2013 Oxford University Debate: Is Islam a Religion of Peace? (Mehdi Hassan's Passionate and Winning Speech on the Defence of Islam and Muslims)

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A smiling Hassan. He was the only debater of the six that used humour and sly digs at the opposition that saw him win over 63% of the audience,[1][n. 1] to pass the motion that Islam was a peaceful religion.

Mehdi Hassan's impassioned speech and visceral defence of Islam and the Muslim community strung many chords within the world's Muslim community's. This was because he had said everything, everything that British Muslim's felt in one fell swoop that lasted just under fourteen minutes, and with only 2,570 words. This included a counter-offensive argument that it was European civilisation that committed the holocaust, which is true, which drew several groans of protest from audience members, since he had not differentiated between Germans and ordinary Europeans. Hassan snapped back and responded to these critics that this was precisely what the opposition was doing with Muslims, when they made accusations against Islam over infinitesimally minute events termed "terrorist attacks", in relation to these far larger events, and far more serious historical events. Lambasting the opposition he cynically opened up with an apology for all the crimes committed by Muslims, in response to the bletherings of Anne-Marie Waters.

The response to the debate from some Muslims was however much more isolative, the news website "5 Pillars UK" insinuated that arging in the debate was undignified, because the answer was so painfully obvious that Islam is peaceful, so why should Muslims participate in such events.[2] The answer to this is however obvious, as more discussion into what Muslims believe managed to persuade the audience towards siding with the Muslim perspective. According to Hassan's profile on Al Jazeera, "[h]is debate-winning speech at the Oxford Union on Islam and peace went viral online, amassing more than two million views".[3] According to "The Muslim Debate Initiative (MDI)", they noted that "[w]atching the debate, many found Mehdi Hasan’s performance to be striking and compelling. He lambasts the Islam-critical opposition, and brings some common sense refutations of their misguided argument in his inimitable entertaining style".[4] Even non-Muslim websites noted how Hassan has "eviscerated" Waters and Johnson.[5]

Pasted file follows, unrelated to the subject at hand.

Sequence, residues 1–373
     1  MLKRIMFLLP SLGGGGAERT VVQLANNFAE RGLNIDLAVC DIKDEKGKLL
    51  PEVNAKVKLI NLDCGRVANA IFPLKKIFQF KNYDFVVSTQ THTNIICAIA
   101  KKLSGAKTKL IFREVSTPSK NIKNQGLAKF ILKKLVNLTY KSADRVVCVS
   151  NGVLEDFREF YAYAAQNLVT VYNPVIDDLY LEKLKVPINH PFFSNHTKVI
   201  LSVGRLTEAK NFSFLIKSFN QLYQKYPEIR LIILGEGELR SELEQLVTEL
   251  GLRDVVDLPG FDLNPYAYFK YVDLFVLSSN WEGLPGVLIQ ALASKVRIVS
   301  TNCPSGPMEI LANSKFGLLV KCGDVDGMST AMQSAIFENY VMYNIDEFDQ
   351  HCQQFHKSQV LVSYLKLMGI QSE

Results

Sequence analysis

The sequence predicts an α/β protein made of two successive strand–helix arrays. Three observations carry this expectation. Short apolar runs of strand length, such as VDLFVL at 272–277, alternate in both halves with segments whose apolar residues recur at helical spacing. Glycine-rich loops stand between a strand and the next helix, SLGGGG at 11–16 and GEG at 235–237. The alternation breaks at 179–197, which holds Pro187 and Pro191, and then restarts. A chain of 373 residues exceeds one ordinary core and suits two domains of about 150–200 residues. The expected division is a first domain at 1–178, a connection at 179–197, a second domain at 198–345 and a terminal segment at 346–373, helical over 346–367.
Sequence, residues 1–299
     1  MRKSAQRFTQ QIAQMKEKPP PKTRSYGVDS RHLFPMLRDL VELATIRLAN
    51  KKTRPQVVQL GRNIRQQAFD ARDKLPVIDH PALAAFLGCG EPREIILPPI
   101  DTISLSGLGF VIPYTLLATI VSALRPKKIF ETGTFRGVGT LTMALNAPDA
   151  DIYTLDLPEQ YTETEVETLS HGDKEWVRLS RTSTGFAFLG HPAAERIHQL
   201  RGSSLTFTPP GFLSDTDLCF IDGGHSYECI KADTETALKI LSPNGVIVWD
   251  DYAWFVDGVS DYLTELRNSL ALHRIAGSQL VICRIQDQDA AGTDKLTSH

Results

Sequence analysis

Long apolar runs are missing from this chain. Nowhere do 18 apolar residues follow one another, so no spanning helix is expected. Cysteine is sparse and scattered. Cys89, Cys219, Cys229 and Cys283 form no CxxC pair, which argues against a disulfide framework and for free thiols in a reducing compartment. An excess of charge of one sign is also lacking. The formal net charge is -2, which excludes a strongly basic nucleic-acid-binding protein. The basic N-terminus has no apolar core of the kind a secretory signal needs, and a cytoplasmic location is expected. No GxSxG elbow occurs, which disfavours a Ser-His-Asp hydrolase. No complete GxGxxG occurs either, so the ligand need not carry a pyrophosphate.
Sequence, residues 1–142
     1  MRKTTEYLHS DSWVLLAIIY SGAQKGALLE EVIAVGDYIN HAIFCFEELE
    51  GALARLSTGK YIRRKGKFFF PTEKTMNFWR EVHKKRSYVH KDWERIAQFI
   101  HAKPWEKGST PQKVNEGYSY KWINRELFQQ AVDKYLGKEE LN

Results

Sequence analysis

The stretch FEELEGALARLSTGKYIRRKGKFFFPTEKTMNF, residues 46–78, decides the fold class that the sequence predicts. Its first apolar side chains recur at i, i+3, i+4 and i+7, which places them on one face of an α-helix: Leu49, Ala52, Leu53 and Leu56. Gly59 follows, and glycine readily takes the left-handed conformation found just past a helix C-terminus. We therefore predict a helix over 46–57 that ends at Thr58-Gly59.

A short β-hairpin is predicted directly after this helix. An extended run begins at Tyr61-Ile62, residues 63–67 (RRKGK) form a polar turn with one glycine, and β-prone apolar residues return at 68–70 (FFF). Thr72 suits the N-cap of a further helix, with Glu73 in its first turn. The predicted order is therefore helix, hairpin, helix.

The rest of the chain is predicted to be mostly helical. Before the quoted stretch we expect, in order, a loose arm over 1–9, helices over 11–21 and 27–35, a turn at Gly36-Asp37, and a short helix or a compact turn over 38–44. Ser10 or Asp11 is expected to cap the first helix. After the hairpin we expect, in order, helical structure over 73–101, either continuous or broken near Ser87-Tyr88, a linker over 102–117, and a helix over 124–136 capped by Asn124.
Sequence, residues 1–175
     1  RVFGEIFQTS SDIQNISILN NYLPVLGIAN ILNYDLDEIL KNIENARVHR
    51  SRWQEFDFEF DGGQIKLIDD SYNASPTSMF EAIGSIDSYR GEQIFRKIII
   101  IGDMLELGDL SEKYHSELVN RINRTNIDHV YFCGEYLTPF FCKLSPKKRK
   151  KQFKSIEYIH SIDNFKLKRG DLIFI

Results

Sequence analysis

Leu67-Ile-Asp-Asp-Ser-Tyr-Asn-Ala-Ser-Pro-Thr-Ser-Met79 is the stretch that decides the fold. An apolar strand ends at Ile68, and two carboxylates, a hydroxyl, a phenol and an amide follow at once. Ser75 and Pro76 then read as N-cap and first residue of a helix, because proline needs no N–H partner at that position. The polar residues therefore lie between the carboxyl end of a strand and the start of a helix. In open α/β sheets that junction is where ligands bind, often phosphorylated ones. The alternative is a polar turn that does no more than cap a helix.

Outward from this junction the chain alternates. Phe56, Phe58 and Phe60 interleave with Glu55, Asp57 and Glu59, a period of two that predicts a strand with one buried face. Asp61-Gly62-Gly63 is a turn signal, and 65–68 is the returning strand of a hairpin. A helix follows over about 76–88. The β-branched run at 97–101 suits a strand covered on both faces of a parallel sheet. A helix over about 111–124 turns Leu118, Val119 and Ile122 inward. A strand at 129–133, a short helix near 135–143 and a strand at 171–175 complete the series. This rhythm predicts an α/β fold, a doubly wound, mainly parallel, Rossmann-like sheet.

A snapshot of the audience at the Oxford University debate.
Anne-Marie Waters and Daniel Johnson were destroyed by the responses Mehdi Hassan gave in response to their diatribe against Islam and Muslims.
Hassans use of hand gestures, and his strong and confident belief in his claims, citations and references helped win the motion that "Islam is a religion of peace".
Hassan was well prepared in combating the common anti-Muslim tropes used against Islam. He made effective use of lists, metaphors and counter-offensive arguments to demolish the opposition. He also addressed audience directly towards the end of his speech.
Hassan linked himself to the audience and their experiences with Muslims, whilst being brutally harsh to the opposition, tolerating nothing from what they said and what they were doing during his speaking time, even ordering them to "sit there" at one point. The audience responded extremely positively to this strongman attitude.
The response by the opposition was extremely weak (and even quoted as Hassan being "a very harsh act to follow"), who repeated the common tropes of his predecessors, and attempted to use the emotive topic of Lee Rigby's death to exploit anti-Islam and anti-Muslim attitudes. He also added; that Muhammad was like the mafia, schizophrenics, and psychopaths. The opposition also refused to take any points of information challenging his claims.

Mehdi Hassan: Thank you very much Mr. President, ladies and gentlemen, good evening. As-salaamu alaykum, lovely to see you all here tonight. We are having a very entertaining night, are we not? With some very interesting things been said from the other side of the House tonight. Let me begin by saying, as a Muslim, as a representative of Islam, I would consider myself an ambassador for Islam, a believer in Islam, a follower of Islam and its prophet—so in that capacity—let me begin by apologizing to Anne-Marie for the Bali bombings. I apologize for the role of my religion, and me and my people for the killing of Theo van Gogh, 7/7... Yes, that was all of us. That was Islam, that was Muslims,that was the Qur'an. I mean, astonishing, astonishing claims to make in the very first speech on a day like today, where the Conservative PM of the United Kingdom has to come out and point out that these kind of views are anathema. And I believe you are trying to stand for the Labour Party, to become an MP in Brighton. If you do, and you make these comments, I'm guessing you'll have the whip withdrawn from you, but then again, UKIP are on the rise, they'll take you, the BNP, they might have something to say about your views.